Changing from 110 to 220


Old 05-02-01, 12:27 PM
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Hi all you knowledgeable electricians,

My question is this. I moved into an apartment with old 110 outlets in just about every room. Only one room has three prong outlets and I am hoping that they are truly grounded, after reading about some of the jumpering experiences. I would like to hook up my new clothes drier. It runs on 220. I have no 220 outlets in the apartment. I do have a breaker box in the front hall. The main box is in the basement for the entire apartment complex. I am on the first floor so we are not too far away from the source.

What is needed to go from 110 to 220? I hope we don't have to turn off the whole building's power to do this. Does having 220 installed in your home add in anyway to danger from electrical damage or fire? In other words, could an insurance agency tell me I can't hook up the drier because 220 is more dangerous than 110?

Thanks in advance for your responses. I can't wait to hear back. Tired of lugging wet laundry to the laundrymat.

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Old 05-02-01, 01:35 PM
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Yes, you can probably get 220 volts for your dryer out of this panel. However, I wouldn't dream of trying this without the apartment owner's permission. And the owner will certainly require a building permit for this work.

You need two spare adjacent slots in your panel, one above the other. Do you have such spare slots (usually covered by a blank plate)?

You also need to verify that you have the extra capacity in your electrical service. Can you tell us the amperage of the main disconnect, if any, the square footage of your apartment, whether or not you have an air conditioner, and whether you have gas or electric heat and hot water?

And no, I can't imagine an insurance company objecting.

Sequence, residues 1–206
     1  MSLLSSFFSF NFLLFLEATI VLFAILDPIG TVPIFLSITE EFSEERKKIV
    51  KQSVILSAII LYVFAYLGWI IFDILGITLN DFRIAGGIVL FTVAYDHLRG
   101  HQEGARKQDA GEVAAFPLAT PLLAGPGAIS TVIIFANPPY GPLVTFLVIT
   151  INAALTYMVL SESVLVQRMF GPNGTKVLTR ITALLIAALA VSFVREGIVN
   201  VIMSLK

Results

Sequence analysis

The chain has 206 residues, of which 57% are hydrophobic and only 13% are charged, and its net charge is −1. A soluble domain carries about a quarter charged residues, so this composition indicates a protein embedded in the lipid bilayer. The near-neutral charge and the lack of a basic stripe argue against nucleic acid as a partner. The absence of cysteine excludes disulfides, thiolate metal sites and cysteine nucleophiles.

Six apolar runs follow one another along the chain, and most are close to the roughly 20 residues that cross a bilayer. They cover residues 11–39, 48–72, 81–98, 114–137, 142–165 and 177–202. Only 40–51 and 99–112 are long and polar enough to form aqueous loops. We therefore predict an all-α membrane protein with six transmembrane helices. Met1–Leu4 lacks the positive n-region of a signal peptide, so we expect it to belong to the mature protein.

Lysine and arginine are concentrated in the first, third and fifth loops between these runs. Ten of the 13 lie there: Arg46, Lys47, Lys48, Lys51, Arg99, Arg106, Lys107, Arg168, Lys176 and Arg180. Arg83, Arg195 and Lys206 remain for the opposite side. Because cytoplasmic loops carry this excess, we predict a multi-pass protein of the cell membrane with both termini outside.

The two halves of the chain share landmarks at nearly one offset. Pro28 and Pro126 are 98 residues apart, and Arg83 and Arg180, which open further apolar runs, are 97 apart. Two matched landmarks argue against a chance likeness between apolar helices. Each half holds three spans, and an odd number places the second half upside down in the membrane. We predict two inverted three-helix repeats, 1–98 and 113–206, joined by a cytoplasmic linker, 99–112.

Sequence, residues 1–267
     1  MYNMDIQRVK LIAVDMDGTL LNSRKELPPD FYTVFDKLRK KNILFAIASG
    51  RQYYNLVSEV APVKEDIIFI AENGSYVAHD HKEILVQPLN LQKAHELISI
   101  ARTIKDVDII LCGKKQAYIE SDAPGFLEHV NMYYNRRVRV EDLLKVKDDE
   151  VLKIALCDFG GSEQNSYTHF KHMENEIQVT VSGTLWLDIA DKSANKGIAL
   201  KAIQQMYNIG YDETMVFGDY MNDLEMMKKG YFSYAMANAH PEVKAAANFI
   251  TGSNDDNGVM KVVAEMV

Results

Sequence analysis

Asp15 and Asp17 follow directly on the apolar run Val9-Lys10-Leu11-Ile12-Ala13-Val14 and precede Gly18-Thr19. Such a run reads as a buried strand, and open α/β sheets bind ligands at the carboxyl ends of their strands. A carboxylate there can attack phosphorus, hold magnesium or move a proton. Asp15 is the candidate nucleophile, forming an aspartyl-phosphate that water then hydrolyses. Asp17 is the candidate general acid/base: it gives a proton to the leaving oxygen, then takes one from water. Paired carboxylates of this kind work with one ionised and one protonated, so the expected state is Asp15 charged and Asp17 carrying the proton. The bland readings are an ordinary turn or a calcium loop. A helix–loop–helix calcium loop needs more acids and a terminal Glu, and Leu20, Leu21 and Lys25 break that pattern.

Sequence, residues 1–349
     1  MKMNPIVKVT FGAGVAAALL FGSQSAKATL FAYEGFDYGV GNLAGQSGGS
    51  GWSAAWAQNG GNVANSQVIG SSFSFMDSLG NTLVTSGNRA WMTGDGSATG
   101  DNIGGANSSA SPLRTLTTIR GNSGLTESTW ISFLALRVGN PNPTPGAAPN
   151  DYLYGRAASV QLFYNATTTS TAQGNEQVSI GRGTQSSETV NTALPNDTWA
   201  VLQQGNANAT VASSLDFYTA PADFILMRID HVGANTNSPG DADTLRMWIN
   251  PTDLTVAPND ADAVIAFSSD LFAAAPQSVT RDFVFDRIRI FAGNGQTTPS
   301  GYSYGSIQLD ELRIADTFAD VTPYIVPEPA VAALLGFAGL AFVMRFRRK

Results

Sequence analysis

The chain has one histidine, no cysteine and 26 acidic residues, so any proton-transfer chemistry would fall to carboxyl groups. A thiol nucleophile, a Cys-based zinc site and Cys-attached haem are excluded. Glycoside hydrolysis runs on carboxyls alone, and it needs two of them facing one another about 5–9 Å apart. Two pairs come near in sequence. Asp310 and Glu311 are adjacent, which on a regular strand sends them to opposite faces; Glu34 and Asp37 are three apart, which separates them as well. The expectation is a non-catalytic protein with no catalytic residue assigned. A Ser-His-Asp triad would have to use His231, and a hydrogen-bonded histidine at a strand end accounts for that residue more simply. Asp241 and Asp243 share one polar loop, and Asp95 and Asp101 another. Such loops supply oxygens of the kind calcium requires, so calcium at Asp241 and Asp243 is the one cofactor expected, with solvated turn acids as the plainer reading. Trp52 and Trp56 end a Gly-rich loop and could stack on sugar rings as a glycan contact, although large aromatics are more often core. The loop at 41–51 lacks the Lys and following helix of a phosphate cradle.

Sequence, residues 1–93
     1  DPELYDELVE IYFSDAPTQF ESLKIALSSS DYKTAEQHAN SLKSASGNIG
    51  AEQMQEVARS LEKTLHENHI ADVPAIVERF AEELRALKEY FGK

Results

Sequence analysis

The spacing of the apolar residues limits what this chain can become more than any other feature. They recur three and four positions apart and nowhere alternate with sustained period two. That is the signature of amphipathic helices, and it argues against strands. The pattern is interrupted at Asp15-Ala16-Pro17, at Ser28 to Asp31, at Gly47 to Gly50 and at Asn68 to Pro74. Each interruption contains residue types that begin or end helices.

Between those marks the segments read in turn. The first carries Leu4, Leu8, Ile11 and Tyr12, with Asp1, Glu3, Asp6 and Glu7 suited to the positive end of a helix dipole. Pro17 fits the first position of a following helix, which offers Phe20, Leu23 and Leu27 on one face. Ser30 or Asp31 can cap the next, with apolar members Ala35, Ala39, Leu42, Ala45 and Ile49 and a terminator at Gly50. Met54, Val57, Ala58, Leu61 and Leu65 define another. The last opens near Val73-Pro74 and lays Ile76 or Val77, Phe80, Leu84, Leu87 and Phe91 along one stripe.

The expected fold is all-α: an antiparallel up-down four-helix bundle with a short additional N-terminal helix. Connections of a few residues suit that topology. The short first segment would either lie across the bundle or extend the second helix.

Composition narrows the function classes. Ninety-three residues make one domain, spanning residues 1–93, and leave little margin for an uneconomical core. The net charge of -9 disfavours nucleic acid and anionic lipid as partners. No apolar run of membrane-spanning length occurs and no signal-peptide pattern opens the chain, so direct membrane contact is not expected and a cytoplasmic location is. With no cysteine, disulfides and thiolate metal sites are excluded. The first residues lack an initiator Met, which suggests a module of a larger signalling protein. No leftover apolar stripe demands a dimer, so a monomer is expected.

As long as you have a main disconnect in your subpanel, you will not need to shut off power to the building.

A simple $8 receptacle tester from Home Depot will tell you if those three-prong outlets have a grounding wire. Most surge supressors also have a light indicating this.

Old 05-02-01, 02:09 PM
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Hey, thanks so much for the fast response!

Actually, I am the owner. I call my place an apartment, but it is really a condo which I just purchased.

I will check out those testers from Home Depot and do a thorough check of the whole flat.

I have a breaker box with 7 slots used and 5 unused. Yes, there are two placed one upon the other.

BUT! I don't think there is a disconnect. I remember seeing some boxes with a crank like thing on the side that cut off the power to the box. I don't have anything like this, unless after opening the door, you also have to unscrew the box from the wall and then find something behind it to turn everything off. Wierd that it wouldn't have one, right?

Our heat is communal oil in the basement. The water heater is heated by the oil. The stove is gas. No airconditioner. Only major electrical appliances are the clothes washer, the fridge and the dishwasher, all of which are sitting in the tiny eat in kitchen.

Square footage of the apartment/condo is 865.